"I came home, they were arguing," neighbor Christian Johnson told reporters. "I actually stopped to listen, and I heard screaming and the baby was crying. He just kept saying why wouldn't you pick up the phone? Why would you put that stress on me? Why wouldn't you pick up the phoneÂ—why, why?"
Wachenheim couldn't take any of her worried spouse's calls, of course, because she was feverishly penning a suicidal essay; the gist of which amounted to a confession about being "a bad mother" for allowing her newborn to fall twice and sustain injuries in "the shameful incidents."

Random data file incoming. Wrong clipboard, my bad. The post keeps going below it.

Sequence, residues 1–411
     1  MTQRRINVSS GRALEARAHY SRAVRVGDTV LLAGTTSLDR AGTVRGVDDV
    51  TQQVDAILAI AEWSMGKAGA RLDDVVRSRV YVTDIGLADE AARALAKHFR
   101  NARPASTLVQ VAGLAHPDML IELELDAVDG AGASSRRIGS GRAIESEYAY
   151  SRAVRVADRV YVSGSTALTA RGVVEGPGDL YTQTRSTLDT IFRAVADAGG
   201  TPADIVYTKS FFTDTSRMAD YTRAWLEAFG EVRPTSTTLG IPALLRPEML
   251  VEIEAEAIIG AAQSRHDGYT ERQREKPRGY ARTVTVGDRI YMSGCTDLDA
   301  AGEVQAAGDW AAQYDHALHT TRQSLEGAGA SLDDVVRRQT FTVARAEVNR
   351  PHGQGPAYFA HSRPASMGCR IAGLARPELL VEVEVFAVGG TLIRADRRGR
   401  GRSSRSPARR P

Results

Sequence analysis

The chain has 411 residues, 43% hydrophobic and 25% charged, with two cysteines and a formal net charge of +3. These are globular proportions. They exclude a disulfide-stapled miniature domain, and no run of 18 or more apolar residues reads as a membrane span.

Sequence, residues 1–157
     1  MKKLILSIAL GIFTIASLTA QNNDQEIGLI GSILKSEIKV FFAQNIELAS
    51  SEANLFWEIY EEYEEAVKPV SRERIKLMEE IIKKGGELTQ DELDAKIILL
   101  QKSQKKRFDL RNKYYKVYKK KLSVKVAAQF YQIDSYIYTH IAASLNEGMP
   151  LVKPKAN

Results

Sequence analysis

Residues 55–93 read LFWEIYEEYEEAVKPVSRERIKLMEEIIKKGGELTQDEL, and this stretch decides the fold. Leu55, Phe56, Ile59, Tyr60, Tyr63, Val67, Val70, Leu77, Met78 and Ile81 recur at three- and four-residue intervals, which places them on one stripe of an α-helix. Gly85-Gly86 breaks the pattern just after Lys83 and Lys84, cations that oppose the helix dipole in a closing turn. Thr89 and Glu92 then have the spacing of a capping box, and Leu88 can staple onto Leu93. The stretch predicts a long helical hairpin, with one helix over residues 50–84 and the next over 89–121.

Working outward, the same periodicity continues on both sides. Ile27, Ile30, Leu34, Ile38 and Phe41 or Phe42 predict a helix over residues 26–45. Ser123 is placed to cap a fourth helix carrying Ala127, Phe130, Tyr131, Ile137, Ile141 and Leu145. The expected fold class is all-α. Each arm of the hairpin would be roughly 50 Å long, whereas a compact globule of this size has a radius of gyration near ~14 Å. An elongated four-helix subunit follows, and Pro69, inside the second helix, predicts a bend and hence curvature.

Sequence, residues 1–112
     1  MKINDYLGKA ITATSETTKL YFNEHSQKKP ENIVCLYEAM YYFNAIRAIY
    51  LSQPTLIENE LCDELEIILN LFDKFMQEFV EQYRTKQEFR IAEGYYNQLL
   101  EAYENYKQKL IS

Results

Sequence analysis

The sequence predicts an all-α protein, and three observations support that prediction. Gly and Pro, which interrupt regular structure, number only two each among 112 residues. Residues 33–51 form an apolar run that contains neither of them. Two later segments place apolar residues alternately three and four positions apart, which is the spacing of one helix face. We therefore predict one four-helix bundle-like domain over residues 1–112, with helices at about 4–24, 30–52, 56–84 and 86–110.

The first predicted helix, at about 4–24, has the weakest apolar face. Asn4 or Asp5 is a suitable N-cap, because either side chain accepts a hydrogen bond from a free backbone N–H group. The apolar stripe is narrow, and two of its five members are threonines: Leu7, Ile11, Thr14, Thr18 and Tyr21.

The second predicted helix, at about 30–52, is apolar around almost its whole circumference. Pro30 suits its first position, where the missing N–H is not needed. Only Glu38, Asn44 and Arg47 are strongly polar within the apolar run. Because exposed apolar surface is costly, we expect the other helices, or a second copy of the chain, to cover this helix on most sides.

In that 13-page suicide note, she further stated her belief that the boy had received permanent brain damage in both episodes, and therefore feared his future would be one doomed to disability.
Though her elaborate explanation was said to be carefully crafted and lucid-sounding, the troubled new mom was actually suffering from postpartum depression which steadily progressed into severe psychosis and tragically distorted her view of the situation.
Experts say almost 20-percent of new mothers experience varying degrees of this condition, but only about one or two in a thousand will go on to develop suicidal or homicidal ideations that they act upon.
Cynthia Wachenheim died from her leap to oblivionÂ…but her baby miraculously lived.
Illustration by Eponymous RoxEND AKISMET -->
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